LED Skateboard Version 3!




About: My name is Taylor, I am an electrical repair tech by day and an engineer by night, after work or free time.

Thank you for viewing my instructable! As the title says this is my 3rd led skateboard! But this is actually the first one I am making a 'how to' for. My first led board was alright, It did have a few flaws and aside from just turning it on there wasn't much appeal to it. Yes it did look very nice riding down the street but what it lacked got me thinking of how I can better it and then with a little bit of a wait came the led longboard! The led long baord has no faults to it, I can't think of anything negative to say about it. It was a huge leap from the first one. It used RGB leds and a bit more complex circuitry. The circuit was more complex than the first one but it wasn't too complex by itself. The third one I made out of boredom. After the longboard I thought my led skateboard hunger had been satisfied but was I wrong! I know boredom isn't that great of a reason for inspiration but I think it is! From boredom comes creation! The third led board is by far the most eye appealing and out of all three it is the easiest and cheapest! Lets get started by wathcing the video in the next step! The video shows what this guy can do!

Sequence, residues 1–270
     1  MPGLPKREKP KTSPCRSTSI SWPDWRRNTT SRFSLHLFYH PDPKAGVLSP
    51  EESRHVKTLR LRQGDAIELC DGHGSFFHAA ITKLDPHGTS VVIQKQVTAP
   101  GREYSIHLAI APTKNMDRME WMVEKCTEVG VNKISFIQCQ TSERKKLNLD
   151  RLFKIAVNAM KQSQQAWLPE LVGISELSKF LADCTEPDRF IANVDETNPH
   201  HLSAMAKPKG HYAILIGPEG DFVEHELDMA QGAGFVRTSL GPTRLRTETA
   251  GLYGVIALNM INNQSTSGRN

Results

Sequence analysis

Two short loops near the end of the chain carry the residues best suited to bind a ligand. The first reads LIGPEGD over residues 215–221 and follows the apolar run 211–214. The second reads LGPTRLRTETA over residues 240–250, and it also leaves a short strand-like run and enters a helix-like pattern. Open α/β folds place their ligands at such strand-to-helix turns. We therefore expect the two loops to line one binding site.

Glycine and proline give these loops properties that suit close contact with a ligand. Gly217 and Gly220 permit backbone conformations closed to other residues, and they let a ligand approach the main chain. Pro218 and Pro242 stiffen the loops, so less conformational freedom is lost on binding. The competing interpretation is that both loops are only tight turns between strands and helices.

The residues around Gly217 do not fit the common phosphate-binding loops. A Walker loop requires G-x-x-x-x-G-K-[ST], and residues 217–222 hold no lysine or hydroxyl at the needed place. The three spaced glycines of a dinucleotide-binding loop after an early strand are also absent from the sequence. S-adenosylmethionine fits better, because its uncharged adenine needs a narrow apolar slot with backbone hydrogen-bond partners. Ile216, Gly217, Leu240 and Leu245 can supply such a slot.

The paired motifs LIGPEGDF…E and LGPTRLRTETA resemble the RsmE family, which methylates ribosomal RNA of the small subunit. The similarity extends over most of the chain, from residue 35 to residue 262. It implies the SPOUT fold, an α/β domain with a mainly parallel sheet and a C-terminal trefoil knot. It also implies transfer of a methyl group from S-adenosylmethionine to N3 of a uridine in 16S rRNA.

Link to my first one   http://www.youtube.com/watch?v=OrMlYXBK1_I

Link to my second one http://www.youtube.com/watch?v=4kAZj_Zz4ro

Step 1: Watch the Video!

Step 2: Whats Needed

The supply list for this build is very small which makes it that much cheaper!   You will need;

36 rgb leds link here http://www.amazon.com/gp/product/B006LUZLNY/ref=oh_details_o00_s00_i00?ie=UTF8&psc=1
older + iron
Hot glue+ gun 
helping hands and a skateboard.   

The leds are really cheap. They come in a pack of 50 and the possibilities are endless with them! 

Step 3: The Leds

The leds are the main focus behind this build. Now We will be running all these leds in parallel, which seems like a daunting task. If you had to connect leds in parallel before with no PCB then odds are you connected them all with a lot of wire. Don't worry I use to do the same thing! :/ Until I found a very nice way of running as many as you want in parallel with no wires at all! I can't take credit for this method. I saw dino from hack a week use this method. He bent the leads of the leds and used the leads to connect in parallel. First thought when seeing this was ''wow, I am an idiot for over looking this''. We will be mounting 18 leds on one side of the skateboard and 18 on the other side.  We will be soldering two sets of 6 and 3 sets of 2. we can solder them all together but then the light effect will look bad because the lights will be focused on one area. If we spread them out we get a better result!

First step: get 18 leds and bend the leads in the same direction. See the picture for a visual. 
second: solder two sets of 6  together using the bent lead method. Study the picture for an understanding of this method, see picture
third: solder three sets of two by bending the leads.